Let’s hear it for the comma

Commas are vastly underrated, in my own humble opinion. Sadly, a lot of us aren’t actually familiar with how to properly use commas, which is why I think there is a little hostility towards them, but once you gain an understanding of how and further why they work, you’re smooth sailing, my friends.

I thought it might be beneficial to clear the air on commas, if you will, and provide my own personal explanation of what they are, how they work, when to use them, and also, when not to use them.

Comma splice ain’t nice.

A comma is used to join two separate clauses, or sentences, together. A lot of us shut down internally when we hear the term clause, but I promise it isn’t nearly as terrifying or confusing as it sounds. Rather than give you the wordy and confusing as fuck definition you’ll find on the internet, consider clauses as sentences. This isn’t an entirely correct analogy, but it works for me, and for a lot of other people.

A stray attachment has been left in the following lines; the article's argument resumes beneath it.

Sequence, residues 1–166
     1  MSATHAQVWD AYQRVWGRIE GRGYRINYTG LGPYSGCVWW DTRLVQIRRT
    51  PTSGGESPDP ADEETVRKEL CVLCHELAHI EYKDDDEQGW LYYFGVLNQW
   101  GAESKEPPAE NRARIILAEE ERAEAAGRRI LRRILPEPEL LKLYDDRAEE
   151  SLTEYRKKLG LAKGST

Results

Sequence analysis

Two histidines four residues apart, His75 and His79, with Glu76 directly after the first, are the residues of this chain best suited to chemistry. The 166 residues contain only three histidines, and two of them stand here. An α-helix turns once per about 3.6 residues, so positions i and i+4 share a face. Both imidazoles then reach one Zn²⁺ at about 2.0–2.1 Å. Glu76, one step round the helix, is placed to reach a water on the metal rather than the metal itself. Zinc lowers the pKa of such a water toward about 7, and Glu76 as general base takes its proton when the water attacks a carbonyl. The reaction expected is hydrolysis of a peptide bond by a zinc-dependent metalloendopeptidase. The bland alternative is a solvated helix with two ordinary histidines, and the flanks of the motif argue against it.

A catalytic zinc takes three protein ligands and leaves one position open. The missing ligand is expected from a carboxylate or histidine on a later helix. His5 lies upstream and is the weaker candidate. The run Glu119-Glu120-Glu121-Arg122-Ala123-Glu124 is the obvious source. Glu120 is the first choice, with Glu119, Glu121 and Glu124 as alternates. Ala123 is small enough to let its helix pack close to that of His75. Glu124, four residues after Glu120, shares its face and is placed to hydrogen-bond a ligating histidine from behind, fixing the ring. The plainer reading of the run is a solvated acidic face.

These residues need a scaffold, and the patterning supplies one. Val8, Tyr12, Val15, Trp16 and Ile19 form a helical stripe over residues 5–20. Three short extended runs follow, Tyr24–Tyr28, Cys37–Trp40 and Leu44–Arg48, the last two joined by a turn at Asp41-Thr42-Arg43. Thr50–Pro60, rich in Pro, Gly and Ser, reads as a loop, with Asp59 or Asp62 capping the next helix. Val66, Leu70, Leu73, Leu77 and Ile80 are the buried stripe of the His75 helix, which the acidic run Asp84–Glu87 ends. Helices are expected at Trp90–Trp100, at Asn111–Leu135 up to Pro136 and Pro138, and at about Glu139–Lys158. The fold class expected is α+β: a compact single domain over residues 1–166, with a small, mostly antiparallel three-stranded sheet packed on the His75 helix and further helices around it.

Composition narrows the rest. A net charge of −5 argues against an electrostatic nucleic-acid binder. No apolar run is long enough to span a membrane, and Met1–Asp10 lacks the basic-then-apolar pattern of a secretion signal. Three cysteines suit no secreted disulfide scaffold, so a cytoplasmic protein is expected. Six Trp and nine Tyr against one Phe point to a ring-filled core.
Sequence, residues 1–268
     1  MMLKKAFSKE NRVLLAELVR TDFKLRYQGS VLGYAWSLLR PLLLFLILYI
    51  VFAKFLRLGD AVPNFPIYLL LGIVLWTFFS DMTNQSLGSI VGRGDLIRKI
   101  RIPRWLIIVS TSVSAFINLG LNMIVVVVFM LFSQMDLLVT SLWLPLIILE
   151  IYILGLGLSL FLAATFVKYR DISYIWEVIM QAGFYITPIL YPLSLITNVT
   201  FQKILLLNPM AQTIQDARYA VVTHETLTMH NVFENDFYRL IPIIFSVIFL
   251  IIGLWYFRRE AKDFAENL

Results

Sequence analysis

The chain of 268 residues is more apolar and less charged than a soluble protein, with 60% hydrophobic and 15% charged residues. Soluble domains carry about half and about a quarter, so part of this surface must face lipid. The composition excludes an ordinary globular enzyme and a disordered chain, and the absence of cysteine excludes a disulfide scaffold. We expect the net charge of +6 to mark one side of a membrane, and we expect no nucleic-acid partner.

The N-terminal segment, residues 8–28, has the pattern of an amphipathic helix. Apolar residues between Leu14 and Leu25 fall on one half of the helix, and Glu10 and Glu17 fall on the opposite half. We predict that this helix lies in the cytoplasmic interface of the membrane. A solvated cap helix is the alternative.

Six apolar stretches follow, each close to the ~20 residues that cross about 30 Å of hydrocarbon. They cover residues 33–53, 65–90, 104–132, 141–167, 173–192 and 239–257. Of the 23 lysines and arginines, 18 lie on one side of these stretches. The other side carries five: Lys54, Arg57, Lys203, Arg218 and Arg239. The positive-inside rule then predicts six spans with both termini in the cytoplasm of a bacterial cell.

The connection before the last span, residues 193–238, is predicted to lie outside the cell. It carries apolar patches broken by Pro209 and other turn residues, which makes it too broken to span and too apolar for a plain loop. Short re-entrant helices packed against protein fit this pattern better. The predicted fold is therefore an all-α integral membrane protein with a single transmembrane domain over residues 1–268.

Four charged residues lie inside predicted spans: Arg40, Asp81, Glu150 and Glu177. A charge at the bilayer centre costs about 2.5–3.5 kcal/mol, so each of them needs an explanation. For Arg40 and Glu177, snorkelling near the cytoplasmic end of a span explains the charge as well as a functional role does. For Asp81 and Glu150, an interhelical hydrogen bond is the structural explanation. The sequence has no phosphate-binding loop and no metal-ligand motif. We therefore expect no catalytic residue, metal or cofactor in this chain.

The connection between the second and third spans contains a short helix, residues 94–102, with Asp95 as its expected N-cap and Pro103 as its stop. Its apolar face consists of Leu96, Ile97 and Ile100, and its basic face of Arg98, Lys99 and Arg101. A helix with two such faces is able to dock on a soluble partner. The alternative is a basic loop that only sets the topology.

So, as an example, say your two clauses, or sentences, are as follows:

  • I was hungry
  • I ate right before I left

Rather than keeping these two clauses as separate sentences (they sound choppy and harsh), we can join them into one single sentence and use a comma to distinguish the separation. For example, “I was hungry, however, I had eaten just before I left.”

Commas are also intended to symbolize a pause or a break in a sentence for the reader. Essentially, when you see a comma in any text you are reading, stop for a moment. They’re often used to allow the former sentence or component of a sentence to sink in to the reader before they carry on to the next sentence.

Comma splice is the improper use of commas, meaning putting them in a text or sentence where they do not belong and serve no purpose. This happens a lot in run-on sentences. For example, the following would be comma splice: “When are, we going to, the supermarket for groceries?”

I hope this helps.


2 thoughts on “Let’s hear it for the comma

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